Improve Your Hormone Levels

As I promised a few weeks ago, I’ll provide some simple steps you can take to improve your hormone levels.

Just to reiterate, your hormone levels dictate a large part of your health, performance, and body composition.

For the actual details about healthy hormone levels and effects, please refer to my post about testosterone.

Without further ado, here are the safest and most effective tactics to manage healthy hormone levels:

• Make sure you are consuming a nutrient rich diet.
Any nutrient deficiency has the potential to negatively impact hormones, but the biggest culprits will be zinc, vitamin A, vitamin D, and magnesium. I’ll do a post explaining which foods have the most nutrient value later on but, for now, I’ll just recommend oysters, liver (if you can stand the flavor and have a high-quality source), avocados, eggs (particularly the yolk), and plenty of naturally-raised, well-treated meats, full of the fats and proteins your body needs to manufacture testosterone.

• Consume dietary cholesterol on a regular basis.
The best sources are eggs, shrimp, and fattier cuts of beef (grass-fed of course!). Cholesterol is a precursor to testosterone production. Keep in mind, the cholesterol you eat will only raise your HDL a little and have hardly any effect on triglycerides (the “bad” cholesterol in the blood).

• Avoid over-consuming carbohydrates.
Starches and sugars will cause insulin spikes in the blood. Your muscles can only store so many carbs before the insulin forces carbs to be stored in fat cells. This insulin will also disrupt normal hormone signaling.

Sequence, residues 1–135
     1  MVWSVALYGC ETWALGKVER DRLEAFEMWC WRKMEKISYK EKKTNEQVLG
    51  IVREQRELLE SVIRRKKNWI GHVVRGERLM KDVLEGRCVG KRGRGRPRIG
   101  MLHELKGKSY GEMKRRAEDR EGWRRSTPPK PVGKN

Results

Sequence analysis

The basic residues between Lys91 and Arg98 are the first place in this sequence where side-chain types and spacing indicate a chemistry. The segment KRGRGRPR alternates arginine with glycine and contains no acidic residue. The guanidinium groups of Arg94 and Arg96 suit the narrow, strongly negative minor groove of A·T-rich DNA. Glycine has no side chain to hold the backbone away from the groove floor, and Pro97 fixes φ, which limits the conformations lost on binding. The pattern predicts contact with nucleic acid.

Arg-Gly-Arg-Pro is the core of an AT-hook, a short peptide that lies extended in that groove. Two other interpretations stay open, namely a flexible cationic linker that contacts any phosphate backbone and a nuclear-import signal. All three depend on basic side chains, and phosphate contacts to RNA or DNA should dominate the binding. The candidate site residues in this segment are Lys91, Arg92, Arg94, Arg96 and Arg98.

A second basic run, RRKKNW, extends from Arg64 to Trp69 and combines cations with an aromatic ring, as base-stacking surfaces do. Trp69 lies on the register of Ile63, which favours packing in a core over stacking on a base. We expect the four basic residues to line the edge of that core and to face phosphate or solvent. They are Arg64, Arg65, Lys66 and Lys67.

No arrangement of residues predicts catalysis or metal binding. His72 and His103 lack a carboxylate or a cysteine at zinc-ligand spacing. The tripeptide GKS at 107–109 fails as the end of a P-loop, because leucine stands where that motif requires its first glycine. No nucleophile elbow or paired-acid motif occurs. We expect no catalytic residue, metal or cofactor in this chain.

• Get 8-9 hours of sleep a night.
During the first few hours of sleep, your body will release the largest amount of human growth hormone, allowing your body to recover from the day. I know everyone says they can get by with 6 hours…but your body composition, mental performance, and energy levels will always be better with a proper 8 hours of sleep.

• Lift something heavy a few times a week.
This will stimulate the body to produce testosterone to recover from the stimulus. Again, keep in mind that heavy lifting isn’t what produces bulky muscles…that would be higher repetitions (8-15) for multiple sets (3-4) with very little rest (30-90 seconds).

• Do some high intensity interval training.
Refer to my post from a few weeks ago. This has the potential of benefiting hormones more than any other exercise.

• Avoid alcohol.
Or at least try to moderate your intake. Alcohol will convert testosterone to estrogen within the body.

• Avoid stress.
This might be the most difficult but cortisol, released when you’re stressed, will lower testosterone levels. Some of the easiest things you can do are to limit your caffeine intake and take time during the day to stare off into nature or distract yourself from the stresses of our modern lives.